I would just like to quote from an article by Professor Joo-Cheong Tham, who is a professor at the Melbourne Law School:
The absence of limits on election campaign spending in the Victorian legislation risks placing pressure on the ‘political donation’ caps, as parties and candidates seek to meet unabated demand for campaign funds. If the bill had provided for limits on spending, they may have curbed the impact of the uneven flow of private and public funds that will result from its enactment — the limits could have acted as a barrier to unequal income translating into unequal spending.
That is exactly right, and we will see the beginnings of that with this legislation. There will be an amendment to ensure that election expenditure is capped. We must do that. Prior to the bill going through, the public has been funding our elections. If we are going to expect them to fund an election, I think we should expect to cap that expenditure, and I think the public expects us to cap that expenditure.
I am very pleased that I have been able to get a move towards expenditure capping, as we see in many other countries and in many other jurisdictions around Australia. Canada, the UK, New Zealand, France, South Australia and the ACT have all introduced capping so that public funding does not keep escalating and one year we are asking for $3 and the next year we are asking for $5, $7 and then $9. It would continue to grow, and we would continue to provide the public with possibly unwarranted propaganda around election time.
I am also pleased to have secured funding for emerging political parties. This is something that I was very concerned about with the legislation as it stood at the beginning of the week. Emerging parties that do not get a candidate elected will still be eligible for some funding, and I think that is really important. They will be limited, and they will be following the same donation rules as parties that have elected members. In previous iterations of the bill they would not have received any funding whatsoever. This gives a small amount of administrative funding for new and emerging parties.
It is wonderful for our democracy. As I said, more and more people are voting for small parties, and I do not want to see wiped out those parties or their ability to establish and have their point of view heard, be on the poll and in the election and taking part in presenting the views of the community. Independent and small parties, in my view, are integral to a democracy. To provide some funding for those emerging parties is really important, and I am very pleased to have been able to achieve that.
The third amendment I have been able to achieve responds to the continuous calls from Vision Australia, who have been asking for electronic voting for vision-impaired citizens of Victoria. It gave very good evidence to the Electoral Matters Committee when we looked at electronic voting. It has written, no doubt, to all of us about the need for electronic voting so vision-impaired people too can have a private vote — so that they too can have the right to privacy that every other citizen has. I will quote from one of the letters I received:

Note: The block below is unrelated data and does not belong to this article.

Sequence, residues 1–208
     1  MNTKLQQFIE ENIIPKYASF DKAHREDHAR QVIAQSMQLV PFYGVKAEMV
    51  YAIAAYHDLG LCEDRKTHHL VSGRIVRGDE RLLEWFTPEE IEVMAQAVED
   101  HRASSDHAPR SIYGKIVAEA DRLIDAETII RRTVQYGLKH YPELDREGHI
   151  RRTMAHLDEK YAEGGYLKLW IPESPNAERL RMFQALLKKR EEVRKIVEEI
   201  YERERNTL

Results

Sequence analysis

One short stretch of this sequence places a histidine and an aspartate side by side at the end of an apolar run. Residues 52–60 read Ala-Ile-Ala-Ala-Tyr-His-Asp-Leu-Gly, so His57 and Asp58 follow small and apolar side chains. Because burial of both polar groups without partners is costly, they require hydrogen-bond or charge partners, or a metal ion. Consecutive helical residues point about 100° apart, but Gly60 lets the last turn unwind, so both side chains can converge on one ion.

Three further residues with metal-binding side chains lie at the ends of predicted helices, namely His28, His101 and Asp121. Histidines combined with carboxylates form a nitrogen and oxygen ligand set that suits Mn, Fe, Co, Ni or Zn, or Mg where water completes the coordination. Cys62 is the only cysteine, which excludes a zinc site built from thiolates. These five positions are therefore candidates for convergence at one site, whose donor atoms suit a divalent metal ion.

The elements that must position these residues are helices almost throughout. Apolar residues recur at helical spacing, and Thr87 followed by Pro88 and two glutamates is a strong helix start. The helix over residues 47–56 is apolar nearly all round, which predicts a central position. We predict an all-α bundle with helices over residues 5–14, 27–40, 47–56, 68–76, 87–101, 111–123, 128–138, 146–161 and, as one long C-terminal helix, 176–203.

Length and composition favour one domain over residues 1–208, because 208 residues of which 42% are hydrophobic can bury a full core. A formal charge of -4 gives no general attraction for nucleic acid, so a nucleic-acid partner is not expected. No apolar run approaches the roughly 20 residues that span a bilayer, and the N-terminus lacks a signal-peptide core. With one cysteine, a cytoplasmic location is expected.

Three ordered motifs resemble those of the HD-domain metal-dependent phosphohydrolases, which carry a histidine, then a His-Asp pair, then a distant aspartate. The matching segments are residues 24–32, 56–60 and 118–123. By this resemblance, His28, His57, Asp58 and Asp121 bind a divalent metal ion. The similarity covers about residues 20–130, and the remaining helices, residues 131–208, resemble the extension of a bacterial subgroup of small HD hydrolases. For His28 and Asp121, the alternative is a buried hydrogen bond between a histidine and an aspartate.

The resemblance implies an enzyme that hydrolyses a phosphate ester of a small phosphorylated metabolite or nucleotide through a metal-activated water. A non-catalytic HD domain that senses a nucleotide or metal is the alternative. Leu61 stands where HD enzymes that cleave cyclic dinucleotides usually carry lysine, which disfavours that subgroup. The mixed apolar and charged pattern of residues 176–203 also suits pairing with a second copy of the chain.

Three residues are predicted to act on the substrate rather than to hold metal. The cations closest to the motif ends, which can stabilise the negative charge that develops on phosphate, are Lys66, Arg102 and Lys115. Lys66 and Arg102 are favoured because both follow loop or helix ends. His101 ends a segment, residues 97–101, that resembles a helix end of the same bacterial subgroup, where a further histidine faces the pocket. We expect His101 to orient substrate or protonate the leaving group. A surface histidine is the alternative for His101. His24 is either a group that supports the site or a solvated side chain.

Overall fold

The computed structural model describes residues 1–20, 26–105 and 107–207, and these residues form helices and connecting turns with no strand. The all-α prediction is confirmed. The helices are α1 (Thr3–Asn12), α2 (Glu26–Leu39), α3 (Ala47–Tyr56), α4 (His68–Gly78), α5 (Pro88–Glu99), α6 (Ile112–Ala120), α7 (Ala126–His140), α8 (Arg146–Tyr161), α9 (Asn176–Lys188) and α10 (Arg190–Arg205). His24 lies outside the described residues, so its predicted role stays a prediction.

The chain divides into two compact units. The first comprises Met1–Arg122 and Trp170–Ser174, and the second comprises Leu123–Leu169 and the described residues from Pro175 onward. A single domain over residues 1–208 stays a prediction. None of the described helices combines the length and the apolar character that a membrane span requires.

I am a constituent who through disability with low vision is denied the basic human right to be able to vote independently and in secret. This is unfair. My loss of vision has robbed me of my right to participate in good citizenship.
Please help me and others afflicted with blindness and low vision to remain engaged with the community and to exercise the right to vote independently by ensuring remote electronic voting is legislated as changes are made to the Electoral Legislative Amendment Bill 2018.
A person with low vision sets up their computer, sets up their phone and sets up their iPad to work for them so they can effectively communicate well in this visioned world. The bill now will create a review to ensure that, like Western Australia and New South Wales, those with low vision will be able to vote electronically and remotely.
I have been hugely supportive of the changes that will stop our voting centres from being drowned in party bunting. This makes me very pleased. Maybe this is something that is experienced more in the inner city than in regional areas, but so many voters complain about having to run the gauntlet as they enter a polling station, being thrashed by people and having things handed to them, so I think expanding —
Mr Finn interjected.
Ms PATTEN — That is exactly what this bill does. It does create a bit of an exclusion zone. It gives voters 6 metres without having to listen to Mr Finn while contemplating who they may vote for. The 6-metre clearway to give our voters some peace when they go into the booth I think is needed, is warranted and will be very welcomed. The removal of the large majority of the bunting that pollutes our polling booths also will be welcomed.
As we enter this 2018 election campaign period integrity in politics will remain Reason’s central policy platform and will continue to drive the changes in this area. Our agenda is: new fiduciary-type duties for politicians to only act in the interests of the community; open, publicly available ministerial diaries; an end to parliamentary entitlements to be replaced with enforceable office expense rules; and preventing retiring MPs from working as powerful lobbyists around this place.
The public deserves a political system where their representatives act in good faith and with integrity. The self-interest of our major political parties has resulted in significant public distrust, which is something that I will try to rectify. With our amendments, I think this bill is a better bill; this bill will lead to the capping of election spending, which will be welcomed by our community. This bill will lead to ensuring that the emerging small parties that are finding their way in the system will be supported through this system and through this legislation. On that, I commend the bill to the house.